PAHO/WHO, normally, is not equipped to provide a customized reply to individual queries on preventive or curative measures to be taken in a specific terrorist act or conflict.


PAHO Guiding Principles for Prevention and Response to BCR Incidents

Introduction

The prevention and response to bioterrorist acts is one of the most important concerns in the world. The role of PAHO is to guide the countries of Latin America and the Caribbean in preparedness and response to an eventual terrorist attack, by providing them with technical support and making recommendations, PAHO wants to strengthen the capacity of the countries to face biological terrorism. To maintain a technical credibility and leadership without taking part of the spread of paranoia, it is essential to clarify the position and the role of PAHO.

Prevention of terrorist acts is a security matter for national governments either individually or collectively. PAHO can contribute through, for instance, its current efforts to improve the security in biological laboratories or the safety of the transport of hazardous substances.

Preparedness of the health sector to respond to biological/chemical/radiological terrorism is best done by strengthening the everyday local health capacity. An improved capacity to detect and respond to all types of epidemics, and chemical or radiological emergencies should be the prime objective. Specific considerations resulting from the purposeful cause of the event should be considered by and included in the disaster plan and training, but not justify a distinct separate organizational approach by the health authorities and PAHO.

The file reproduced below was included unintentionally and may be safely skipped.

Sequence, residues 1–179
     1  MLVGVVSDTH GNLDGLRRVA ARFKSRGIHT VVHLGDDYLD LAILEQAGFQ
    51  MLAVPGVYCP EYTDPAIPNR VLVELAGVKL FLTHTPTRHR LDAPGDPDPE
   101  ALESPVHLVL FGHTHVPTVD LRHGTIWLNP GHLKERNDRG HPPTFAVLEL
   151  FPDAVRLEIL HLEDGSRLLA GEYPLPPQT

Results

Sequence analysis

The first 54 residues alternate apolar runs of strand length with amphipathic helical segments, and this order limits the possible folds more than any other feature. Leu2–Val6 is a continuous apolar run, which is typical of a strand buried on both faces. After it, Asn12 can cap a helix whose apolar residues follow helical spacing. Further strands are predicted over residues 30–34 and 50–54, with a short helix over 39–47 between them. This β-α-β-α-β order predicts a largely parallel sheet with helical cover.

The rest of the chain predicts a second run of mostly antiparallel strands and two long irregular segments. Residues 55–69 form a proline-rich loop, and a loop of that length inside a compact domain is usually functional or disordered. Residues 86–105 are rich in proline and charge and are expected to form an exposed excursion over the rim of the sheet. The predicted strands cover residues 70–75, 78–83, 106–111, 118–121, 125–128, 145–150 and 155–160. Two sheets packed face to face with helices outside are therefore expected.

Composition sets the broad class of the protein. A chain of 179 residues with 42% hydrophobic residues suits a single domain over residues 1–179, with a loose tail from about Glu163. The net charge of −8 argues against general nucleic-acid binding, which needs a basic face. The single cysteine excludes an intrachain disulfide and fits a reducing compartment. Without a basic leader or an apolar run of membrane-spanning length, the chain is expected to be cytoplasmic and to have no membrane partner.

Response to terrorist acts, especially occurring outside North America, will pose a definite challenge to PAHO who most likely will be called to provide technical support and coordination. From a management point of view, the challenge to and demands on PAHO can best met by using similar channels, mechanisms, and responses used for major chemical, biological and radiological accidents. Unfamiliar technical requirements and security considerations will only add an additional layer of complexity to the “normal” chaotic and emotional scene of a disaster.